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How can you get neurosis?

There are many different neuroses: obsessive–compulsive disorder, obsessive–compulsive personality disorder, impulse control disorder, anxiety disorder, hysteria, and a great variety of phobias.

According to C. George Boeree, professor emeritus at Shippensburg University, the symptoms of neurosis may involve:

… anxiety, sadness or depression, anger, irritability, mental confusion, low sense of self-worth, etc., behavioral symptoms such as phobic avoidance, vigilance, impulsive and compulsive acts, lethargy, etc., cognitive problems such as unpleasant or disturbing thoughts, repetition of thoughts and obsession, habitual fantasizing, negativity and cynicism, etc. Interpersonally, neurosis involves dependency, aggressiveness, perfectionism, schizoid isolation, socio-culturally inappropriate behaviors, etc.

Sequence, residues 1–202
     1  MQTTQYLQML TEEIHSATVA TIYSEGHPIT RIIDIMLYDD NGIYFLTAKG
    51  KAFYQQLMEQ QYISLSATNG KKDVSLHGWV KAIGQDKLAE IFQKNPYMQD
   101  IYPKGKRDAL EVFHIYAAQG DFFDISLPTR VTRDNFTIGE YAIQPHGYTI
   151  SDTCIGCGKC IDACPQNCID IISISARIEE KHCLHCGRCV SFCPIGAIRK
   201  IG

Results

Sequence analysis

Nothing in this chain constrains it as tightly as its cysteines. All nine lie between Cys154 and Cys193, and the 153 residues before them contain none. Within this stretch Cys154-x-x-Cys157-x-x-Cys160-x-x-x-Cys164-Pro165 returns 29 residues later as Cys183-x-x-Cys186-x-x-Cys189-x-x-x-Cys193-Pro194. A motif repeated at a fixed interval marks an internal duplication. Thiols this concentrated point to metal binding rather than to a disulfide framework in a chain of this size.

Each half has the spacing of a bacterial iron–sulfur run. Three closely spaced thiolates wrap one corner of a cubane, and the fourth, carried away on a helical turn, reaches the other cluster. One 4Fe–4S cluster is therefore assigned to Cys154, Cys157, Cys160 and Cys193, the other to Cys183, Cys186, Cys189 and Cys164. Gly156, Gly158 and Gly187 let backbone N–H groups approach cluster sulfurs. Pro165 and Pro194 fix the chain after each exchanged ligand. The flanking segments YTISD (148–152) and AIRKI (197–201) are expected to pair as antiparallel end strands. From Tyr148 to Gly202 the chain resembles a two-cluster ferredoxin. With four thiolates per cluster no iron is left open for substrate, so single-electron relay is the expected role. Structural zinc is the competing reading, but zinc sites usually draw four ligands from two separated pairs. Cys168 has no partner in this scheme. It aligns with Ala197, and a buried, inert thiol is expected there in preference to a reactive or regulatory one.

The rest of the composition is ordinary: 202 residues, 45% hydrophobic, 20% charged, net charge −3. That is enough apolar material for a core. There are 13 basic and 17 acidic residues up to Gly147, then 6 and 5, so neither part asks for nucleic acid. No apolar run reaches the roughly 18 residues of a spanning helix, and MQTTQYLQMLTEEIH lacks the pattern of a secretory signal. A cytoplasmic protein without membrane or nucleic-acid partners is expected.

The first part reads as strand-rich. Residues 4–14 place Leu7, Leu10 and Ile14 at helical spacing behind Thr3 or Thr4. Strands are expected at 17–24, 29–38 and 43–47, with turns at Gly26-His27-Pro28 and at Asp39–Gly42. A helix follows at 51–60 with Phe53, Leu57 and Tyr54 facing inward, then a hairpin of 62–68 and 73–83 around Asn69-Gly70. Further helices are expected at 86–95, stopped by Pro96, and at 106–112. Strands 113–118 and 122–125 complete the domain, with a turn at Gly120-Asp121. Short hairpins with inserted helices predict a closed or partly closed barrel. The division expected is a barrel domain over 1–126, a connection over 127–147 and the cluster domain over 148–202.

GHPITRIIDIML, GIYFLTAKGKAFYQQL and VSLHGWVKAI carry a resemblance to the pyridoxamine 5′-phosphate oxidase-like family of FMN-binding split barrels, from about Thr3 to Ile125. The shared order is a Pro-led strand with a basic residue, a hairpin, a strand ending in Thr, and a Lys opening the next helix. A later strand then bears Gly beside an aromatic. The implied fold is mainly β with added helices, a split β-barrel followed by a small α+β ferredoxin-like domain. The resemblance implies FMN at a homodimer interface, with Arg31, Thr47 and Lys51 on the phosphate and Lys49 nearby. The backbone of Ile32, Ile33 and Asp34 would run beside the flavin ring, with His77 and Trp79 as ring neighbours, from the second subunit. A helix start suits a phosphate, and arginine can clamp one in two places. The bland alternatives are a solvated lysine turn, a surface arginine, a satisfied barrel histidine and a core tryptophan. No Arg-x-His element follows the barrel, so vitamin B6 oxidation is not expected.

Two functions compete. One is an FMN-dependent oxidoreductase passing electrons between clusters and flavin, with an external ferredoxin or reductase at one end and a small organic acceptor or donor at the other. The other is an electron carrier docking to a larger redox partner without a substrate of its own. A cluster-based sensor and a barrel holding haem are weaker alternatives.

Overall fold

Neurosis may be defined simply as a "poor ability to adapt to one’s environment, an inability to change one’s life patterns, and the inability to develop a richer, more complex, more satisfying personality.